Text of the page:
Infamous Scribblers

women writers of the long eighteenth century

Heckling Privilege: What Austen’s Emma Can Teach Us About the Politics of Joking

The interwebs have been set twittering about, well, another tweet: Madeleine Albright’s quick-fire response to Conan O’Brien’s use of her as a comedic subject–namely, that he is going as a … Continue reading

October 25, 2014 · Leave a comment

#CancelSwift: On Satire, Infamous Scribbling Women, and (Not So) Recent Politics

  This post does not necessarily pertain to eighteenth-century scribbling women, but rather to a more recent one: Suey Park. It relates as well to Stephen Colbert and Jonathan Swift, … Continue reading

April 2, 2014 · Leave a comment

Act of Union; or, a contemporary diversion and happy announcement in the form of a fellow scribbling woman

Infamous Scribblers is thrilled to announce a new main writer: my colleague and friend, Sonya. Sonya is a lecturer in English at Ohio State University in Columbus. She specializes in … Continue reading

March 13, 2013 · Leave a comment

Performing Perdita: Lifestyles of the Infamous Mary Robinson

Mary Robinson was one hot and talented chick. “I was delighted at the Play last Night, and was extremely moved by two scenes in it, especially as I was particularly … Continue reading

March 11, 2013 · Leave a comment

More than a “No Body”: Frances Burney and the Infamy of Being a Somebody

  Frances Burney, 1752-1840 So, once upon a time, when I was a little undergrad English major dreaming of graduate school, I was convinced I’d be a Victorianist and applied … Continue reading

March 11, 2013 · Leave a comment

Living with Mary Wollstonecraft

Mary A. Favret is Professor of English at Indiana University (Bloomington), an affiliate of the Gender Studies program, and the Director of the Center for Eighteenth-Century Studies at IU. She … Continue reading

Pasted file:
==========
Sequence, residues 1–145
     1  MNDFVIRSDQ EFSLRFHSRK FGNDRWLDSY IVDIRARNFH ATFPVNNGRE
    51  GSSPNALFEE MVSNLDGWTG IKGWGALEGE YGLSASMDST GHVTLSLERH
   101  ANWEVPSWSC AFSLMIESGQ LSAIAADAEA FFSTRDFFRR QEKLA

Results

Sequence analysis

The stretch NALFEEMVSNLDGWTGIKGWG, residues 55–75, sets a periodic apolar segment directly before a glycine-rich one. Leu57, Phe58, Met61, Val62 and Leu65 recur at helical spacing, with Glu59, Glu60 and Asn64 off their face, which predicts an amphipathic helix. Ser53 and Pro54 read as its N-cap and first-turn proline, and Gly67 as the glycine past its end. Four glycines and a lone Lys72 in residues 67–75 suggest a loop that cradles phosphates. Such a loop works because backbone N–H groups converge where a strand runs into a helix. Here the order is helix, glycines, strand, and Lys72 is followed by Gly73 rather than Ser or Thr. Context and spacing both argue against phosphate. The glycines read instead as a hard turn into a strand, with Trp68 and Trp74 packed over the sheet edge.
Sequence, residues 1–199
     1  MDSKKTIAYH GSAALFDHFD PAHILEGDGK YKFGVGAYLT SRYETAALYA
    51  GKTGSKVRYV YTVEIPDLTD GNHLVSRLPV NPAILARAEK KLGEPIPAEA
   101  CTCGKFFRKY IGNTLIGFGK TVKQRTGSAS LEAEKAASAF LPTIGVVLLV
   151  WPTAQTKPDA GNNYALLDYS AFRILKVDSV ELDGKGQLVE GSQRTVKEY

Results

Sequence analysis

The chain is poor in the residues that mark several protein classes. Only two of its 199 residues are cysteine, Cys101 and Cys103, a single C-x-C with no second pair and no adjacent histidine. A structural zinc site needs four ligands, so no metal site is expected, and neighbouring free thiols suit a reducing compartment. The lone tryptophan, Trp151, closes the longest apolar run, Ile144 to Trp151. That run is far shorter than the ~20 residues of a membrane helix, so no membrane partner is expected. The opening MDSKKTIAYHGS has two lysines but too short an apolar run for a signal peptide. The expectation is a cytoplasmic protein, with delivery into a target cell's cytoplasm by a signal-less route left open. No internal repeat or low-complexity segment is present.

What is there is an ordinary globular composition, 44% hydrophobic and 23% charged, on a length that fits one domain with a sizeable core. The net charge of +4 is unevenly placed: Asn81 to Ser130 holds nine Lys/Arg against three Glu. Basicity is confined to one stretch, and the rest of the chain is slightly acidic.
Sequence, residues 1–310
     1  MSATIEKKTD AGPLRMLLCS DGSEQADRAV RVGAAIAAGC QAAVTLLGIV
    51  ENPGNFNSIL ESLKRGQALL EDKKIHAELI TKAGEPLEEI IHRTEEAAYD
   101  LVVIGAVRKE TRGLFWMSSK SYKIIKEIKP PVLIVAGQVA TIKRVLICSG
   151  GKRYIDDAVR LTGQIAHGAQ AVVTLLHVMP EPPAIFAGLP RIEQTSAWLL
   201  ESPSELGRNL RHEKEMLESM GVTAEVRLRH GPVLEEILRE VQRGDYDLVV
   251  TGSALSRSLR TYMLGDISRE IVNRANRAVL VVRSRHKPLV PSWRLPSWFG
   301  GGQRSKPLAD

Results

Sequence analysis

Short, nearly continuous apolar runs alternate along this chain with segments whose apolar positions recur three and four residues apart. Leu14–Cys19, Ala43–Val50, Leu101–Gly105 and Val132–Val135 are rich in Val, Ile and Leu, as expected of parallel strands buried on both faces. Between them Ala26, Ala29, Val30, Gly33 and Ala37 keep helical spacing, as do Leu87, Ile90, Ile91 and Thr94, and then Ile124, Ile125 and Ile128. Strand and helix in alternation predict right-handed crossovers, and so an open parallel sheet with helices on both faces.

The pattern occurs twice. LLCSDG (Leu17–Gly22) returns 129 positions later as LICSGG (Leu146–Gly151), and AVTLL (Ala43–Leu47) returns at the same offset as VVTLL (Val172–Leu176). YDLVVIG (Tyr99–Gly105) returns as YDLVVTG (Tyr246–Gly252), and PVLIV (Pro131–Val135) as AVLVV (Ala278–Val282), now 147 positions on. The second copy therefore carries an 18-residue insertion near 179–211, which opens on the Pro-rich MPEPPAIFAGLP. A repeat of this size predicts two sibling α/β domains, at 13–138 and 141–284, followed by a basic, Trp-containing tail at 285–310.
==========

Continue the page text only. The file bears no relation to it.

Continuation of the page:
March 11, 2013 · Leave a comment

The Mixed Legacies of Mary Wollstonecraft

Mary Jean Corbett is John W. Steube Professor of English and an Affiliate of the Women, Gender, and Sexuality Program at Miami University in Oxford, Ohio. She is the author … Continue reading

March 11, 2013 · Leave a comment

Substance and Shadow: Feminism and the Spectre of Mary Wollstonecraft

Mary Wollstonecraft (1759-1798) As some of my infamous and scribbling readers may know, April 27th marks Mary Wollstonecraft’s 252nd birthday. For over 200 years Wollstonecraft and her much-cited Vindication of … Continue reading

March 11, 2013 · Leave a comment

Empires of the Self: Mary Brunton and the “Nonfamous” Scribbling Woman

Mary Brunton (1778-1818) was a Scottish novelist and wife of a clergyman. Although she only wrote three novels, Self-Control, Discipline, and Emmeline, her work was widely read by her contemporaries, … Continue reading

March 11, 2013 · Leave a comment

Spy Games: The Intrigues of Aphra Behn

Or is it the intriguing Aphra Behn? In the 18th century? Dramatist. Poet. Early Novelist. Spy. In the 20th century? Feminist icon. Professional writer. Bad Ass. Aphra Behn is many … Continue reading

March 11, 2013 · 1 Comment